U.S. President Donald Trump's plan to roll back his predecessor's opening toward Cuba will spare airlines and cruise operators betting on a new revenue source but the rollback could affect them by weakening demand.
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Trump is expected to outline moves meant to reverse the trade-and-travel rapprochement by the Obama administration that will enrich Cuba's "oppressive regime," senior White House officials said.
The new policy will ban most U.S. business transactions with the Armed Forces Business Enterprises Group, a sprawling conglomerate involved in all sectors of the economy, including the hotel and hospitality industry, but make some exceptions, including air and sea travel, the officials said.
This should shield U.S. airlines and cruise lines now serving the island.
Cruise operator Carnival Corp downplayed any impact from the policy change, saying it was "pleased" its ships could continue to sail to Cuba.
American Airlines Group Inc, Delta Air Lines Inc , United Continental Holdings Inc and Southwest Airlines Co all declined to comment until Trump makes a formal announcement on Friday afternoon in Miami.
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JetBlue Airways Corp will review the policy once it becomes formal, but planned to "operate within the policies set by the government."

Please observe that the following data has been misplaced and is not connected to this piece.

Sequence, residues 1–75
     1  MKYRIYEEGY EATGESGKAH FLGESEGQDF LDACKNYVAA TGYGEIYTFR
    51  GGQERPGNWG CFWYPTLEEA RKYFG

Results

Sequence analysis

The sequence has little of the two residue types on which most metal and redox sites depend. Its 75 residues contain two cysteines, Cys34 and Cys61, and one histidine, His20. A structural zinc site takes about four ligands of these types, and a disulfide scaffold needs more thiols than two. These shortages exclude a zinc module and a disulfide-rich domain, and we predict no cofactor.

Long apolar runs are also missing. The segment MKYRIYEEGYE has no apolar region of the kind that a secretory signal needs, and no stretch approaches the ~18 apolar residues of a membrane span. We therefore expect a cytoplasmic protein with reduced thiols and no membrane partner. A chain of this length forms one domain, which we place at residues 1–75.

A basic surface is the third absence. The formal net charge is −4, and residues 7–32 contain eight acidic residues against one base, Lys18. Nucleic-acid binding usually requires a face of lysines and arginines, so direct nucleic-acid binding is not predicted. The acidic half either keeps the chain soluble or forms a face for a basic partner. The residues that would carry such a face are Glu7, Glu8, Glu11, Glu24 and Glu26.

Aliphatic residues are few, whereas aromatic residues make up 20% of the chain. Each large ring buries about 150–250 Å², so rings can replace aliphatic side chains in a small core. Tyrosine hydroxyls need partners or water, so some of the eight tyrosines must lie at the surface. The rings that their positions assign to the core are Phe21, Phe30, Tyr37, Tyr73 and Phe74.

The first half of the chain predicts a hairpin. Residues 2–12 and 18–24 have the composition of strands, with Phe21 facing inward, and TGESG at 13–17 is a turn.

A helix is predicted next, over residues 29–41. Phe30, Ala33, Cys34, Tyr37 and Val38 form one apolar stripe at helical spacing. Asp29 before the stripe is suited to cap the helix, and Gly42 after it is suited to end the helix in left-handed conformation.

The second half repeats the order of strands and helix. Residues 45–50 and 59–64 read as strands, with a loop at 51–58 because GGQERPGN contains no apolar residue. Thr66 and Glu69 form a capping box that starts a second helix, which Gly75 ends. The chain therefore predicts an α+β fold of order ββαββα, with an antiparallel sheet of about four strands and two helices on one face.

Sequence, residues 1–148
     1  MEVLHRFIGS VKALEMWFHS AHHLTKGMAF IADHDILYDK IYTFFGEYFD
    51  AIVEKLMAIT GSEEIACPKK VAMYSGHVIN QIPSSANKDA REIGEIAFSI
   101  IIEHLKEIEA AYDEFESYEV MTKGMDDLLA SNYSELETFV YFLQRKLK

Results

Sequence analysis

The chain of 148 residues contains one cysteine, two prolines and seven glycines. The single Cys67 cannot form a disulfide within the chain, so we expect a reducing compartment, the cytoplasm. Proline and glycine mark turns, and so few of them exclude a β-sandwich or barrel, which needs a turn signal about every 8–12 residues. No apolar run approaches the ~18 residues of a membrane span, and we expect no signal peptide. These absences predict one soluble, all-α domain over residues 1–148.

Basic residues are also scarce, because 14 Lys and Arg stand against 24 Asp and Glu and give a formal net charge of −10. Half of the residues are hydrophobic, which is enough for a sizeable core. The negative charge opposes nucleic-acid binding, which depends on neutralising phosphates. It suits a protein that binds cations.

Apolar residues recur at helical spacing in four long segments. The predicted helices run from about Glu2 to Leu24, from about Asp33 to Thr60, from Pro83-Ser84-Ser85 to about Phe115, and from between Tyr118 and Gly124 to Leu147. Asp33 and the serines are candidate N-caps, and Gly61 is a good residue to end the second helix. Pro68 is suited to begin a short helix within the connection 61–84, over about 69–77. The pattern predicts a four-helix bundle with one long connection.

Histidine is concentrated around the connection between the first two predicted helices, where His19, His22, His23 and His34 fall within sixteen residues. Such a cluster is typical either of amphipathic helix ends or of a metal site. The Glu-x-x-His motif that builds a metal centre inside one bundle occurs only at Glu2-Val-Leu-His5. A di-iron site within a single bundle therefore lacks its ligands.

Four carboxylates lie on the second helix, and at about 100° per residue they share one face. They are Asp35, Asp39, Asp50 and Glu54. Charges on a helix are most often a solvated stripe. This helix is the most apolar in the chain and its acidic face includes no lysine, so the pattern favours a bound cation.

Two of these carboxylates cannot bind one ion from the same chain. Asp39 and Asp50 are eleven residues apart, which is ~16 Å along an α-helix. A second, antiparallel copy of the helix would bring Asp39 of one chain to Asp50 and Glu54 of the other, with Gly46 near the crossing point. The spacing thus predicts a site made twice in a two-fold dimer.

Obama's initial opening prompted a dash to launch flights into Cuba in mid-2016. Some early entrants, including smaller carriers Frontier Airlines, Silver Airways and Spirit Airlines Inc, have pulled out.
Larger U.S. carriers have pared back flights to smaller Cuban cities to focus on the capital, Havana. American, Delta, United, Southwest and JetBlue want to increase the number of flights to Havana. The requests are pending the administration's review.
U.S. cruise operators and airlines could lose around $712 million in annual revenues if the Trump administration fully reinstates restrictions on travel, Washington lobby group Engage Cuba said in a recent report.
While Trump's new policy avoids the worst-case scenario of canceling all commercial flights or severing diplomatic relations, it will still be a blow to a travel sector betting on Cuba as a new high-growth market.
"It's a huge island," David Scowsill, chief executive officer of the World Travel & Tourism Council, told reporters before the White House detailed the new policy. "There's lots of potential for U.S. businesses to do business, and of course it's a great leisure destination in the Caribbean for people to go on vacation."
Marriott International Inc on Friday urged the White House to improve relations with post-Castro Cuba and recognize tourism as a strategic tool in the effort.
Marriott, the world's biggest hotel chain, operates the Gaviota 5th Avenue Hotel, which is owned by the Cuban military, under its Four Points Sheraton brand. The Trump administration has criticized the Cuban military as repressive and vowed to crack down on financial ties between U.S. businesses and Cuban armed forces.
James Williams, president of Engage Cuba, said on Thursday it would be "insane" to revert to policies that could cripple the ability of U.S. businesses to operate on the island, calling it a "betrayal" of Trump's "America First" agenda.
"This is bad policy, bad politics and bad for U.S. business," Williams said.
(By Alana Wise; Additional reporting by David Shepardson in Washington; Editing by Christian Plumb and Jeffrey Benkoe)